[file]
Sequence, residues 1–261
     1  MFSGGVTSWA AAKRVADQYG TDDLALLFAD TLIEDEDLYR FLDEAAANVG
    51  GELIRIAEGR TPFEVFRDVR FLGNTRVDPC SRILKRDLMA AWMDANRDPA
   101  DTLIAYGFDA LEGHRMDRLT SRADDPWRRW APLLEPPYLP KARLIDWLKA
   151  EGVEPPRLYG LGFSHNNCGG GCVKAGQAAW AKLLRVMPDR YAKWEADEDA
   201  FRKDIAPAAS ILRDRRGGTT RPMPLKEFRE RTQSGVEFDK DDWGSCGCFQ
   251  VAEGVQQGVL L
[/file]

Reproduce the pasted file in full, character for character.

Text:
Sequence, residues 1–261
     1  MFSGGVTSWA AAKRVADQYG TDDLALLFAD TLIEDEDLYR FLDEAAANVG
    51  GELIRIAEGR TPFEVFRDVR FLGNTRVDPC SRILKRDLMA AWMDANRDPA
   101  DTLIAYGFDA LEGHRMDRLT SRADDPWRRW APLLEPPYLP KARLIDWLKA
   151  EGVEPPRLYG LGFSHNNCGG GCVKAGQAAW AKLLRVMPDR YAKWEADEDA
   201  FRKDIAPAAS ILRDRRGGTT RPMPLKEFRE RTQSGVEFDK DDWGSCGCFQ
   251  VAEGVQQGVL L